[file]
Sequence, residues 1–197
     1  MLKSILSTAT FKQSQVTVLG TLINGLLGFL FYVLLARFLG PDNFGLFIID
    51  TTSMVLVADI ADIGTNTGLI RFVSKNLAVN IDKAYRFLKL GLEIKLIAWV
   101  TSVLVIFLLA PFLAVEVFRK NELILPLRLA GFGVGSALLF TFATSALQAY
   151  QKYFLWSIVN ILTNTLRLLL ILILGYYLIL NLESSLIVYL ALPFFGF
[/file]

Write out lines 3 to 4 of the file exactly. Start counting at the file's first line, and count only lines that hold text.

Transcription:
    51  TTSMVLVADI ADIGTNTGLI RFVSKNLAVN IDKAYRFLKL GLEIKLIAWV
   101  TSVLVIFLLA PFLAVEVFRK NELILPLRLA GFGVGSALLF TFATSALQAY